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05 September 2010


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That was amazing, everything fits in one go. I would have done a lot more swearing, refitting and retrying. Guess that's what separates the pro's from .. well me...

I hope you have something similar for the European pavilion, I'm looking forward to that one.

Don Wagstaff

After reading through and enjoying your work here, a couple things I am left wanting to know are, why these two specific projects were chosen and why were only hand tools used?


Don Wagstaff

Nicola Wood

The idea of the event was for a skills exchange between European and Japanese carpenters with a focus on traditional tools and techniques. Hand tools are really interesting because of the differences between the two cultures and also the slower pace of working makes a nicer atmosphere on site. Using hand tools really fosters a spirit of teamwork and sharing. We were also on display to the public who would far rather see a guy swinging an axe than a chainsaw! The buildings were chosen because they were typical to the two cultures and could be constructed using hand tools during the time frame of the project. The European building will be taken apart and reconstructed at a college where carpentry skills are taught as an example of our timber framing tradition.

Don Wagstaff

So then were there any conclusions drawn regarding, as it was set up, the tea house and the pavilion and japanese tools and the ones from Europe? I did garner that the consensus was that the Japanese adzes were preferred by all.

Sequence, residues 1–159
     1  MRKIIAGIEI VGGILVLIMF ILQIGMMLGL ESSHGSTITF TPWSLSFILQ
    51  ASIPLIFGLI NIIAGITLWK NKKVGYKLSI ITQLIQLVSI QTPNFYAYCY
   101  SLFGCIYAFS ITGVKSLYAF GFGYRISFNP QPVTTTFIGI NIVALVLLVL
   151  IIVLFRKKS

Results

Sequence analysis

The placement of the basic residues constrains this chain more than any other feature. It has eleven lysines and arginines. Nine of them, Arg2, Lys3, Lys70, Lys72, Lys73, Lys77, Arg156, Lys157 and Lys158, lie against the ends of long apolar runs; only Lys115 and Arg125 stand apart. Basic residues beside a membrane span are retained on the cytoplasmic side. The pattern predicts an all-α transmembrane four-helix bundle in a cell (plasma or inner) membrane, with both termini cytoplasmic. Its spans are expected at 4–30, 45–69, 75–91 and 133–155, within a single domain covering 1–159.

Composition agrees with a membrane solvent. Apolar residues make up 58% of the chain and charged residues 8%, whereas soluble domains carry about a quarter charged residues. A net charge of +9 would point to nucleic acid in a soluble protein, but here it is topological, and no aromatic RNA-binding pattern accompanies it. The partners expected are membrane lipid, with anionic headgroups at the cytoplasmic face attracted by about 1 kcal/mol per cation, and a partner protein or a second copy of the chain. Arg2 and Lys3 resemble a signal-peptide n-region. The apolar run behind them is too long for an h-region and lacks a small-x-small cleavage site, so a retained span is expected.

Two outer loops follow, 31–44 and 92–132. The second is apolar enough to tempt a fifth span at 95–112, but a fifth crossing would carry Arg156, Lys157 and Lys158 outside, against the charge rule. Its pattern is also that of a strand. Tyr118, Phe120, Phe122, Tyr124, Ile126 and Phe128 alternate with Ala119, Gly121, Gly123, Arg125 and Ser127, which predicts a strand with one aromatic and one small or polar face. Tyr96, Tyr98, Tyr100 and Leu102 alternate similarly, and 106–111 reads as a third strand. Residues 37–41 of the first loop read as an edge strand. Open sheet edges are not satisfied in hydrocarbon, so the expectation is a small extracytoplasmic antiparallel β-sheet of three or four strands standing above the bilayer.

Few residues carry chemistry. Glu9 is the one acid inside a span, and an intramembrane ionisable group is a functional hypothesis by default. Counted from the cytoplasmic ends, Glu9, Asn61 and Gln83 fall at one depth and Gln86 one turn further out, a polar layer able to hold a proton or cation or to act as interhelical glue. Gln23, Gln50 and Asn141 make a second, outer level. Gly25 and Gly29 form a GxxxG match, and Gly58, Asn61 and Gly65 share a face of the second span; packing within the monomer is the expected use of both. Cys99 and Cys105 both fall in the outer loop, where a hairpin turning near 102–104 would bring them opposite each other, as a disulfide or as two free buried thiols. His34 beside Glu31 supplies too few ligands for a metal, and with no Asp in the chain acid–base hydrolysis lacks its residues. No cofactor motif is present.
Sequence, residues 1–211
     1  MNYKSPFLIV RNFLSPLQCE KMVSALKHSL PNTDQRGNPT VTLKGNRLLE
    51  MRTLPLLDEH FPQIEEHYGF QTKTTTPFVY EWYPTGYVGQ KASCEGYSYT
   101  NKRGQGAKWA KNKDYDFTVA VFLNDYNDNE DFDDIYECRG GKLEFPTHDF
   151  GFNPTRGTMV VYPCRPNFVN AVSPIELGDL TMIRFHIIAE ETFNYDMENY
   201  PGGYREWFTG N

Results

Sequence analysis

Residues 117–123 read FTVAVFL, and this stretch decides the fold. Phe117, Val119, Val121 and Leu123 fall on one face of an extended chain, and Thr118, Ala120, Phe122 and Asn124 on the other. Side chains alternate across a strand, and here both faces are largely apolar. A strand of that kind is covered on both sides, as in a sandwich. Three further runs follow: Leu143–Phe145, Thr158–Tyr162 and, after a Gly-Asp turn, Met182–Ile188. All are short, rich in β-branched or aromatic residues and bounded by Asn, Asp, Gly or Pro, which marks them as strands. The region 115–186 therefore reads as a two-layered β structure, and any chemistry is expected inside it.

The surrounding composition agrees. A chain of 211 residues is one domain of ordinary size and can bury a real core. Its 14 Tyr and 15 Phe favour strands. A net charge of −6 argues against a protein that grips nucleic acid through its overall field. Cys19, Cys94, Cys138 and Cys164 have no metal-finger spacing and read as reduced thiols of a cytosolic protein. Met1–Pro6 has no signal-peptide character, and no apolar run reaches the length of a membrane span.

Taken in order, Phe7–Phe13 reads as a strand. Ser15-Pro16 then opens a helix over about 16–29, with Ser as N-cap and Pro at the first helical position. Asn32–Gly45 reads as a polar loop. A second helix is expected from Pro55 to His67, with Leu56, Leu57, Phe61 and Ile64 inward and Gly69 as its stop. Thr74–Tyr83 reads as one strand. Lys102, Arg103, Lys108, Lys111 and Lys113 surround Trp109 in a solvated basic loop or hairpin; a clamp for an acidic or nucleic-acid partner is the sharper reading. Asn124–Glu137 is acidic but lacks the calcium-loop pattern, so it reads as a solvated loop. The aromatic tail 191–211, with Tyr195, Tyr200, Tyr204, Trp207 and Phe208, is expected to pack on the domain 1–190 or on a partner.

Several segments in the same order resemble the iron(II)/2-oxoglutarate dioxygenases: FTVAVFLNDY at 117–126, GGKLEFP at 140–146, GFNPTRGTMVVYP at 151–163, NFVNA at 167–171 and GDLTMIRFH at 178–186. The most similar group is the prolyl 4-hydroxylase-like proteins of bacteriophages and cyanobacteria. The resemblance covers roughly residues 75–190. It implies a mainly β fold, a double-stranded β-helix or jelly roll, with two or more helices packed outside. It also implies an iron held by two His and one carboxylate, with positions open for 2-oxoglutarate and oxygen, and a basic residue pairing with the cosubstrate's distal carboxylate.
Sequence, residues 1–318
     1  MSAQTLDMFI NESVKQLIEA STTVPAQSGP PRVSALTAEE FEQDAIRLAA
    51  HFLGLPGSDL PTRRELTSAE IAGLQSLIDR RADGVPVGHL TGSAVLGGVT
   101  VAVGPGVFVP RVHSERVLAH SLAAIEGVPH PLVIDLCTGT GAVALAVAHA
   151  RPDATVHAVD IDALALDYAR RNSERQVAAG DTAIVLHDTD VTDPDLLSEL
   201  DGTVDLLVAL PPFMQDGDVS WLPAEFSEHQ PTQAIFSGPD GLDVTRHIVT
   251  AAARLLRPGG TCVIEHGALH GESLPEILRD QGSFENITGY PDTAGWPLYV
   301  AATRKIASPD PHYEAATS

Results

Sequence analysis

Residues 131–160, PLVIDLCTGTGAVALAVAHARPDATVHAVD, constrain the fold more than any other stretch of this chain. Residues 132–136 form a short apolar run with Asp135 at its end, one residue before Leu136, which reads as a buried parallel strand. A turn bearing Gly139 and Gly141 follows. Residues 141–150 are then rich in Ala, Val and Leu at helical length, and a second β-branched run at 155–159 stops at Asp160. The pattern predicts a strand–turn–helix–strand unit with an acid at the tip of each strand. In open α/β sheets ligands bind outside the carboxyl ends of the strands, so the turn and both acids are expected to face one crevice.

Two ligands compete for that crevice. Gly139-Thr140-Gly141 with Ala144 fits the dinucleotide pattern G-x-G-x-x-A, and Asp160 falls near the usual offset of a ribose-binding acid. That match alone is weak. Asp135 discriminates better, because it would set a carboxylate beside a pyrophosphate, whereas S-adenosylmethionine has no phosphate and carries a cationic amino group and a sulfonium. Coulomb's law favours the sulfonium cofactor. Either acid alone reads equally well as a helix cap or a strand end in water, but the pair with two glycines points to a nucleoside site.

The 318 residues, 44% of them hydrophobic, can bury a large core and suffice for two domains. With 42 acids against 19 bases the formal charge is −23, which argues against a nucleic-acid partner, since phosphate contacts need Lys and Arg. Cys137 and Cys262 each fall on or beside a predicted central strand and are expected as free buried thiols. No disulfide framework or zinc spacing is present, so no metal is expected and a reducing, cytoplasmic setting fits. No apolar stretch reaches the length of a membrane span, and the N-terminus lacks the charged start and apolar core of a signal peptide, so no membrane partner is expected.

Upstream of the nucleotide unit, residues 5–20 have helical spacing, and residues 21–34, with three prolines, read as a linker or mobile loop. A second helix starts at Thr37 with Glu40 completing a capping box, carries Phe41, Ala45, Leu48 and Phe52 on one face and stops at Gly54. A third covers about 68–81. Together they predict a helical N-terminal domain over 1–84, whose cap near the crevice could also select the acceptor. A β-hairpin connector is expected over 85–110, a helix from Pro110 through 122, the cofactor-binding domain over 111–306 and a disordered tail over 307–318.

Was there any kind of assessment or reflection at the end of it? These exchanges are not so uncommon but the way you have documented it and presented it in this case is fairly uncommon, which is nice. With so much effort and resources already expended, why not go further than just summarizing and get as much out of the whole thing as you can?

Nicola Wood

It isn't as simple as that Don, in most cases it wasn't possible to say that one nation's tool was preferable to the others as each carpenter was skilled in the use of their own tools and it suited their way of working or their construction methods. They were interested to try different tools and discover different ways of working but I don't think there was much that would be directly comparable so they could say that way or tool is better so I would do or use that in the future.

I think the impact for the carpenters will be more subtle and happen longer term. They will largely carry on in their usual ways when home - using a mixture of hand and power tools - they have livings to make after all! However there are sure to be small things they have seen or done or tools they bought that will influence their way of working. Hopefully we'll be having a get-together later in the year and I want to talk to the guys to find out if this is the case.

Bucket Trucks

Geez, that's like one of those puzzle houses, or what we call puzzle houses. You pull em out of a box and throw em together. The factory does all the hard work.

peter birkwood

Enjoyed the video immensely and am building a more modest backyard teahouse with traditional japanese hand tools.

I hope i can incorporate some fine work from this video in my personal project.

Thanks for posting this clip!

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